Of Two Minds - Can We Finally Have an Honest Discussion about the Opioid Crisis?
The economy no longer generates secure, purposeful jobs for the working class, and so millions of people live in a state of insecure despair.
The opioid epidemic is generating a lot of media coverage and hand-wringing, but few if any solutions, and this is predictable: if you don't face up to the causes, then you can't solve the problem. America is steadfastly avoiding looking at the causes of the opioid crisis, which is soberly reflected in these charts of soaring opioid-caused deaths:
If we are going to have an honest conversation about the opioid epidemic, then we need to recognize the real causes of the epidemic:
1. The Pharmaceutical industry falsely claimed synthetic opioids were non-addictive, and a complicit, toothless regulatory system did nothing, egged on by politicians who were bought off by mega-bucks campaign contributions from Big Pharma.
2. Our sickcare system is very good at over-prescribing painkillers as a substitute for treating the source of the pain, which is often complex. Our "healthcare" system, much of which consists of endless TV adverts promoting one costly medication after another, is basically a conduit from Big Pharma to poorly informed "consumers" (quaintly referred to as "patients" to mask the actual dynamic).
This system has trained "consumers" to expect a magic pill for every ailment or pain, and any doctor who refuses to over-prescribe is risking blowback from the "patients" and the rest of the system. Americans have been trained to avoid treatments that require effort and changing their lifestyle; they demand a magic pill that works right away, with no effort required.
3. The economy no longer generates secure, purposeful jobs for the working class, and so millions of people live in a state of insecure despair, a state devoid of purpose, meaning, and ways to contribute to their families and communities. People stripped of meaningful livelihoods are prone to finding escape in destructive addictive drugs and habits.
4. The counterproductive War on Drugs has effectively outlawed cannabis for decades, depriving the public of a pain-reducing natural product. While the law-enforcement status quo, exemplified by Attorney General Jeff Sessions, still makes factually false claims about the dangers of cannabis, the truth is that if cannabis were legal, affordable and easily available, tens of thousands of Americans would still be alive, because cannabis doesn't kill people and you can't overdose on it.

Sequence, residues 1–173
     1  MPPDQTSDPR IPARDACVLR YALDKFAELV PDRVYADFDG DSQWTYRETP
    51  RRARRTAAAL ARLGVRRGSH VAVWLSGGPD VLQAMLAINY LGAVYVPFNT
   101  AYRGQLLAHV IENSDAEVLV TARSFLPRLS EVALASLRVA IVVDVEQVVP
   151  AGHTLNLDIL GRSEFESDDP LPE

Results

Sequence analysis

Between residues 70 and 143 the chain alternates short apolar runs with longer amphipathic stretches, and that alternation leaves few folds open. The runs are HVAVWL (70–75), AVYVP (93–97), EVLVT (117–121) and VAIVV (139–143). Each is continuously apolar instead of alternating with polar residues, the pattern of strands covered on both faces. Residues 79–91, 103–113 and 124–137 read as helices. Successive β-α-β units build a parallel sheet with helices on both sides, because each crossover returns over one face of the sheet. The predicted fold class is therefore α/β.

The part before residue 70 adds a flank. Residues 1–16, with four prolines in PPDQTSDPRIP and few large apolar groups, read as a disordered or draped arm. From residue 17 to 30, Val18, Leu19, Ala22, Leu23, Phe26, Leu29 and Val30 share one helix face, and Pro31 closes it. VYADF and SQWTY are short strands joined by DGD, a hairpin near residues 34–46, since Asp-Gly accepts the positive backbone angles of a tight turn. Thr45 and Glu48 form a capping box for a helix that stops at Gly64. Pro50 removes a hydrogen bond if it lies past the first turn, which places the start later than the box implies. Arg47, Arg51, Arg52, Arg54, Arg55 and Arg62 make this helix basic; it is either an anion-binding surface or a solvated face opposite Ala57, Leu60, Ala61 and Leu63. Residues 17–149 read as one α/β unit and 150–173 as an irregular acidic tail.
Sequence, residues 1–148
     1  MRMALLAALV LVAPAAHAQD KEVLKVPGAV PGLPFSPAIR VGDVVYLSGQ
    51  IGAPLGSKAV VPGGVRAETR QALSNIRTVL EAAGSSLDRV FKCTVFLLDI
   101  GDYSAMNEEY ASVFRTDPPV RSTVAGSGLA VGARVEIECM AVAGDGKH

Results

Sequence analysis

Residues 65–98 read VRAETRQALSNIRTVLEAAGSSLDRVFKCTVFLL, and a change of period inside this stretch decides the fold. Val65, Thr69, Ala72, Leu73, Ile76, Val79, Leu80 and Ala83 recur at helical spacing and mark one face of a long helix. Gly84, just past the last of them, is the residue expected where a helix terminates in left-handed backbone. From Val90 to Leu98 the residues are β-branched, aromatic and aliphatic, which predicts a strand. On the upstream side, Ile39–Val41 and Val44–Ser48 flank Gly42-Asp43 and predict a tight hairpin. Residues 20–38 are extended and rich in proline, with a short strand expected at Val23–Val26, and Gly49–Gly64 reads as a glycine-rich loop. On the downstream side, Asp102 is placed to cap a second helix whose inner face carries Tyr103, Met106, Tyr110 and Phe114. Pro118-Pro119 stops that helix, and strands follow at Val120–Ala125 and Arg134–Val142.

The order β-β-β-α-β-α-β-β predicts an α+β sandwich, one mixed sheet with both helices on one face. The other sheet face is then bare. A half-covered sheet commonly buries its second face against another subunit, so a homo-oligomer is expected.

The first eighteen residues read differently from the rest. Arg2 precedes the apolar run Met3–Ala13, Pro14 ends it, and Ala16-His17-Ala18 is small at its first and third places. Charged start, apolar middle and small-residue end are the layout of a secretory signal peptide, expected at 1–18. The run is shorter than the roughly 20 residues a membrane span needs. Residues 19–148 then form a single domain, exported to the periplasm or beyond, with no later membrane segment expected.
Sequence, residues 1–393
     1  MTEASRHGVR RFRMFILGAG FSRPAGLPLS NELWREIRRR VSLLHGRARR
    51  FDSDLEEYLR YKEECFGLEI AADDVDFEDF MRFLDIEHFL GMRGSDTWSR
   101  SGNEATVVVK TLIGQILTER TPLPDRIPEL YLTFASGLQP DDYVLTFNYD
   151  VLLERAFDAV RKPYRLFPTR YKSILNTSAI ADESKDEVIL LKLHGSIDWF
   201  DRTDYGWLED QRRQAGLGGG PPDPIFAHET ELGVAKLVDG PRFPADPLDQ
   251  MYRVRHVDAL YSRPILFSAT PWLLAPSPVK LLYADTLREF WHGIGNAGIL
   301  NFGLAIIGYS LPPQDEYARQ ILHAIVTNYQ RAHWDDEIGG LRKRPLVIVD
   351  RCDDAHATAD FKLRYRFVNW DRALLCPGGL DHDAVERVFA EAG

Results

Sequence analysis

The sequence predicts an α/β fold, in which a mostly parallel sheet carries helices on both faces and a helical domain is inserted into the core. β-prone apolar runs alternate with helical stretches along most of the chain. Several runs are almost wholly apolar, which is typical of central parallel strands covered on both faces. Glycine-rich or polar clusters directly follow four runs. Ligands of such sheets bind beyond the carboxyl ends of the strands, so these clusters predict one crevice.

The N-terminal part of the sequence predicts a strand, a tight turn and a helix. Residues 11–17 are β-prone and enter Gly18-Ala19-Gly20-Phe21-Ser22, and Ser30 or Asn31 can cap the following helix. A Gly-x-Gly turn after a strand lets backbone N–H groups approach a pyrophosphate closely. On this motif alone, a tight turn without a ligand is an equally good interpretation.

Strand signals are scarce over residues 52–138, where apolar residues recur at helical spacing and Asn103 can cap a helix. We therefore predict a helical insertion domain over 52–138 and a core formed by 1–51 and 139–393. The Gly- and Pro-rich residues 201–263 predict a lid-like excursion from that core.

Go ahead and do your own research: I couldn't find a single verified instance of a cannabis-caused death in the U.S. when I sought verifiable statistics on cannabis-caused deaths a few years ago.
So while law enforcement got helicopters and other toys to play with and the War on Drugs Gulags filled up with citizens who should never have been imprisoned, the War on Drugs has killed tens of thousands by outlawing a safe pain-killer and legalizing deadly, highly addictive pain-killers because those deadly, highly addictive pain-killers reaped Big Pharma billions of dollars in profits.
It doesn't have to be this way. We have the means to generate meaningful work in our communities--I've laid out one system to accomplish this in my book A Radically Beneficial World.
We should legalize cannibis immediately at the federal level. While law-enforcement bureaucracies will mourn the slashing of their bloated War on Drugs budgets, the nation will finally put the destructive, failed, counter-productive War on Drugs in the ash heap of history.
You can't just give people and communities a subsistance entitlement like Universal Basic Income (UBI) and expect them to thrive. If we look deeply into the opioid epidemic, we find a crisis of purposelessness fueled by a lack of meaningful work and ways to contribute and earn financial security by serving others in the community.
If we don't face up to the essential role of meaningful work in human fulfillment and security, then we'll never solve our addicition epidemic and all the related social ills.